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Weekend festivals, or ‘weekenders’, are a massive part of the swing dance social scene. They are fantastic opportunities to polish your skills with two days of classes led by internationally renowned teachers, plus social dancing evenings where you can put all the new steps you have learnt into practice. Swingtoberfest is Lancaster’s first swing dance festival, which was held on 20th-22nd September 2019 at Lancaster University. The event was organised by the Lancaster University Swing Dance Society and Lancaster Lindy Circle, which make up Lancaster’s swing dance hub.
Swing dance is an improvised partner dance that emerged during the jazz age in 1920s-1940s America. Dances within the swing style include Lindy Hop, Charleston, Collegiate Shag, and Balboa. Swing originated in African American communities when people of colour were denied access to ballrooms. It is now a popular dance style all over the world, appealing to lovers of vintage culture and dance enthusiasts alike.
I have been dancing for a year, and Swingtoberfest was my first swing dance weekender. I wanted to improve my dance skills, experience more social dancing, and learn more about the UK swing dance scene. A weekender right on my doorstep was the perfect occasion! Swing dance has a vast international following, with several communities in major UK cities and small towns. The event attracted dancers from all over the country, with groups travelling from nearby scenes such as Cumbria, York, and Birmingham.
We were fortunate enough to be taught by three impressive teaching couples who travelled from Lithuania, Sweden, and Leeds. Edas and Edita run their own dance studio in Lithuania called All That Swing. Isabella and Pontus have taught all over the world and danced in international competitions. Rob and Tina teach weekly classes in Leeds and have been performing together for nearly ten years.
The weekend kicked off on Friday with an evening of social dancing in the Great Hall. The night featured a live jazz band called Louis, Louis, Louis, a four-piece group based in Leeds whose sound includes rhythm and blues, doo-wop, and ska. This was the perfect way to meet fellow attendees and warm up before the big weekend. We were also treated to a teachers’ showcase, where the three teaching couples were introduced and wowed us with a performance.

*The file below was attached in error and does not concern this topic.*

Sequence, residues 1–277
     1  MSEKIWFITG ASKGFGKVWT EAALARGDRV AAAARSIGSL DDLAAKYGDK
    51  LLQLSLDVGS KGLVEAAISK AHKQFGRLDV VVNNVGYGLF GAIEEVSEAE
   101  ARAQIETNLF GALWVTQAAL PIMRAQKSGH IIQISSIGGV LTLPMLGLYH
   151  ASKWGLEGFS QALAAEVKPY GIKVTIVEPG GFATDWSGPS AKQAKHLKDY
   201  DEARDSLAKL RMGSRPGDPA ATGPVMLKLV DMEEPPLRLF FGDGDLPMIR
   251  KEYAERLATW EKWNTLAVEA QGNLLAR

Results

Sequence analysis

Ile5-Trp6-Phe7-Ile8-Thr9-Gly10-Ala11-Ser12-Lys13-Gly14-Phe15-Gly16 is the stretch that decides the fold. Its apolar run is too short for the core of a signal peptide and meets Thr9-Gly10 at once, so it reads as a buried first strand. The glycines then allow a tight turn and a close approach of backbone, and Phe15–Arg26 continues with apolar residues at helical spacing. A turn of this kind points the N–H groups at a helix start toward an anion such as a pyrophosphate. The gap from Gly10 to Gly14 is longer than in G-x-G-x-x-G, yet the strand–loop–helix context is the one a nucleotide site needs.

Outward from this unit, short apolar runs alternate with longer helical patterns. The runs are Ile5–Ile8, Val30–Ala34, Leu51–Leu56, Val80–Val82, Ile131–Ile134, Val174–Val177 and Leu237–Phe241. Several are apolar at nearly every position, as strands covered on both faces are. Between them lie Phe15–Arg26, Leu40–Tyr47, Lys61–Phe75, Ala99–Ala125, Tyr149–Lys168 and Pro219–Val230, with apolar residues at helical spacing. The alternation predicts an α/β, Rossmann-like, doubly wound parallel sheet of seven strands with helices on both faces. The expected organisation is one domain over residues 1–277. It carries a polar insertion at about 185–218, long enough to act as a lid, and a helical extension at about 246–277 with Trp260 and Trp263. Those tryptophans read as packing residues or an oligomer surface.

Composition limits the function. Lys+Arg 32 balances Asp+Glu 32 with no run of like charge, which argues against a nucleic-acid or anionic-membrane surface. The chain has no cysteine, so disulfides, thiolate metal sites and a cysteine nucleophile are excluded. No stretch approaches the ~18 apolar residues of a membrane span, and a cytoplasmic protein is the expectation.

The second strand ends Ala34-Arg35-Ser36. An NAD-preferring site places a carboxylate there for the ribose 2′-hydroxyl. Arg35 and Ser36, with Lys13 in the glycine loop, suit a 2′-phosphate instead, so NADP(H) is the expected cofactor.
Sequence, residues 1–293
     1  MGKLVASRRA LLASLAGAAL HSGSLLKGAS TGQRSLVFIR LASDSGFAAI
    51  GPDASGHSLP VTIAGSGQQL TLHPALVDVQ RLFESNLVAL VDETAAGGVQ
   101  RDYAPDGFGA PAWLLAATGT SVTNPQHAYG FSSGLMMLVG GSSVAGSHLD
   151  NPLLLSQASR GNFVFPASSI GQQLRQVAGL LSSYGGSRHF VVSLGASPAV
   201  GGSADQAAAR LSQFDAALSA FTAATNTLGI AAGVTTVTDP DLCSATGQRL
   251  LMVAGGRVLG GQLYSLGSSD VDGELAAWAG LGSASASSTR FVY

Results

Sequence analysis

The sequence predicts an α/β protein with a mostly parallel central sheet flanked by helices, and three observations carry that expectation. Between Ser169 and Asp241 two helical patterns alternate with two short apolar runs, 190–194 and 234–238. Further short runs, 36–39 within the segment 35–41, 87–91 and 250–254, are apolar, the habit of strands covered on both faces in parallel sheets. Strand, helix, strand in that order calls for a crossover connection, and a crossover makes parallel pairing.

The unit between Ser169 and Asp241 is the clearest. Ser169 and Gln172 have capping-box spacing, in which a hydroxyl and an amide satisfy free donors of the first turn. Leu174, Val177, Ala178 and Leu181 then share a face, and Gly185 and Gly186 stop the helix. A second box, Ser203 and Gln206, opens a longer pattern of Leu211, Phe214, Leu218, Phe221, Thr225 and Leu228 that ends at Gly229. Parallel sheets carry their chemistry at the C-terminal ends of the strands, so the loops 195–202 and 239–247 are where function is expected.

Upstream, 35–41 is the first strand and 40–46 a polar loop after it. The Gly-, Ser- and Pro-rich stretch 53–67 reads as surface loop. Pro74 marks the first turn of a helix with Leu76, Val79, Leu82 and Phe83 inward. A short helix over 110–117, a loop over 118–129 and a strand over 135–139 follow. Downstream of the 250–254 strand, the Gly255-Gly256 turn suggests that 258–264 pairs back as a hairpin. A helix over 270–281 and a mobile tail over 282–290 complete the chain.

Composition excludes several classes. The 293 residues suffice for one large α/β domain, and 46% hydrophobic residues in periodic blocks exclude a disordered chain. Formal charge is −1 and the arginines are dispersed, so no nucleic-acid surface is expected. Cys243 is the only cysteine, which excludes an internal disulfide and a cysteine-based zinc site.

On Saturday morning, three taster sessions covered aerials (lifts), connectivity (connecting with your partner), and the jazz circle (a jazzy dance-off). In the afternoon, I attended Rob and Tina’s class, where we worked on steps, including kick downs and hand-to-hand Charleston. Saturday was rounded off with an evening of social dancing in the Great Hall accompanied by New Orleans swing era jazz band Alligator Gumbo and some mini competitions including musical statues with a Lindy Hop twist.
Sunday was the last day of classes. My class with Edas and Edita’s focused on adding flair to your dance through improved jazz moves, while Isabella and Pontus taught us a small routine based around a step called the flip flop. Sunday concluded in proper vintage style with a tea dance in the Great Hall, which was our last opportunity to have a boogie and grab a much-needed slice of cake before the end of the weekend.
Swing dance is so much fun and one of the most welcoming dance scenes you’ll find. After the success of this year’s festival, a date has been set for Swingtoberfest 2020. I would recommend weekenders like Swingtoberfest for anyone interested in this dance style, whether you’ve been dancing for a couple of months or a couple of years.